While the risk of information security breaches perpetrated by hackers and organized crime groups is constantly highlighted in various threat assessments, state actors have increasingly deployed their cyber capabilities to conduct asymmetric warfare. State actors can inflict massive disruption while maintaining plausible deniability. Both the US and Iran have deployed these assets against each other, while China has exploited vulnerabilities to conduct industrial espionage for commercial gain. Sometime state actors and non-state actors collaborate, with criminal networks acting as subcontractors for government agencies.
Both Chinese and Russian IT companies have been denied market access due to allegations of their software being used to further non-commercial geopolitical interests. Extended supply chains also pose cybersecurity risks as third-party suppliers have access to the company’s network and might be exploited as weak links.
RESURGENT PUBLIC ACTIVISM
The role of social media is disputed. The allegedly destructive role in fomenting opinion polarization has been contested by those who say it provides the only viable communication channels for endangered human rights activists and reporters. Either way, social media has undoubtedly been instrumental in the recent resurgence in public activism, addressing issues including but not limited to climate change, gender equality, job security and immigration. Thanks to the technological development, full-scale PR campaigns can now be deployed in no time while minor incidents can be amplified and cause massive reputational damage.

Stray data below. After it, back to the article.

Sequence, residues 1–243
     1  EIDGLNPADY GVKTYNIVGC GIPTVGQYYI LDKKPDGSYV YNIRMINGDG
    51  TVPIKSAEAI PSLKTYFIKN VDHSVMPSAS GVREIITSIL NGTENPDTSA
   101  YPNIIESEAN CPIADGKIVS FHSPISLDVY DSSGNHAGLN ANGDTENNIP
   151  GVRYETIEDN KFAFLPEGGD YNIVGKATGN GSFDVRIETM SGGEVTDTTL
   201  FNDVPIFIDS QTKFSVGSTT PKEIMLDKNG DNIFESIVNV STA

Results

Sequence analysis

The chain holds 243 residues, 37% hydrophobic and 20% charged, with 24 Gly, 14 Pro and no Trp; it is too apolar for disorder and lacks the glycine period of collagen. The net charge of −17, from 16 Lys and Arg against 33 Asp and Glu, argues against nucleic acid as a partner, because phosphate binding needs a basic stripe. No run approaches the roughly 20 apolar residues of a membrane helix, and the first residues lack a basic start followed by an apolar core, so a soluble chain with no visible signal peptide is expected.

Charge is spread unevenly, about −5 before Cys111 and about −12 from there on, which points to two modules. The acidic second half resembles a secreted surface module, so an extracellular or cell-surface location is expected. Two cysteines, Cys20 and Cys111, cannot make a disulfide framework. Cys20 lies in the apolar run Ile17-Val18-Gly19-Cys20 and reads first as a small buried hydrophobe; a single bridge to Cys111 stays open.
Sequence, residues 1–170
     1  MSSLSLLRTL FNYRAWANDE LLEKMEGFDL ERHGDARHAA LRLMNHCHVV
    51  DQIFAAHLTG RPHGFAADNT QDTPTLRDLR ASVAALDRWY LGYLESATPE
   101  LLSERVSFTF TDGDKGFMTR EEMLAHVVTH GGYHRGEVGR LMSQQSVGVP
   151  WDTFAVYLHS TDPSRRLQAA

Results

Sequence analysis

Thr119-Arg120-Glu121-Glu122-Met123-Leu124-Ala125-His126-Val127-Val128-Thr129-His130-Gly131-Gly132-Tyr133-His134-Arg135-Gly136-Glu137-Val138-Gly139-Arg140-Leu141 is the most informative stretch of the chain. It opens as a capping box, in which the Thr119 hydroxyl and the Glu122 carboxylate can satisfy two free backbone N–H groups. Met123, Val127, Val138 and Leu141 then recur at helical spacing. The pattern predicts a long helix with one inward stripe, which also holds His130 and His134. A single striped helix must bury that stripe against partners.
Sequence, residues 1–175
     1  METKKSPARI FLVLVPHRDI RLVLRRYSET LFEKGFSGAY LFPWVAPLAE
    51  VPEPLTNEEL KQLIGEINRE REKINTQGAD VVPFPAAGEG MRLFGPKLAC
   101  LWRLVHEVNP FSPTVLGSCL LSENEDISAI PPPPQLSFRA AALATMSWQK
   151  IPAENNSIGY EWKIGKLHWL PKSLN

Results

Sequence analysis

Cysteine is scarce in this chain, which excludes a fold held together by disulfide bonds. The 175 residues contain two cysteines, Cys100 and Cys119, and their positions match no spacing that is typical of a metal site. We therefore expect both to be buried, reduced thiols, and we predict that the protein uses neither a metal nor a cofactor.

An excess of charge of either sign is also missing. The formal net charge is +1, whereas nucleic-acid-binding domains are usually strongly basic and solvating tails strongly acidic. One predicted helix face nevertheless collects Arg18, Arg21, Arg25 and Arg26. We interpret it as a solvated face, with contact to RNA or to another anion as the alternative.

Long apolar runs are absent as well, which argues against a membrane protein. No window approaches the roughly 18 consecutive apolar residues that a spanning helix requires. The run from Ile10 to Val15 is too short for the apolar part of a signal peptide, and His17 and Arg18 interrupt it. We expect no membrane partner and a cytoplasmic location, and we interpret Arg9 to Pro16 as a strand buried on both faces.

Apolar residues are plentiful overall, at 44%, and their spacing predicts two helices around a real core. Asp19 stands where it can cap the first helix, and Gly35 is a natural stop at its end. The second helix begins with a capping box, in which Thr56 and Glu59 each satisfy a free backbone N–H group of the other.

The increased public scrutiny of corporate behavior also holds true for government agencies and other watchdogs who have stepped up their efforts to make companies comply not only with regulatory requirements such as sanctions and anti-money laundering legislation, but also norms and standards including gender equality, environmental accountability and social responsibilities. A case in point is the increased focus on so-called “corporate tax transparency”, i.e. multinational corporations disclosing their numbers and refraining from previous tax minimizing schemes.
IS CSR THE ANSWER?
Companies have responded to above challenges by creating ethical guidelines within a general framework of corporate social responsibility and have also taken steps to clean up their act under the banner of sustainability. However, commendable as they may be, corporate efforts to improve society do not address key challenges in terms of how companies deal with risks, especially if CSR efforts are primarily intended for public consumption.
Today’s world is multipolar and volatile, with waning trust, resurgent authoritarianism and rising public activism as well as non-state conflict. Companies are beset by multiple sources of interdependent risk categories which defy existing modelling strategies and management practices. Simultaneously, companies must balance diverse compliance requirements against their own ambitious growth targets. External pressure also comes from a growing set of stakeholders including climate activists, international watchdogs, US law enforcement agencies (anti-bribery), the European Union (tax evasion), human rights organizations, etc.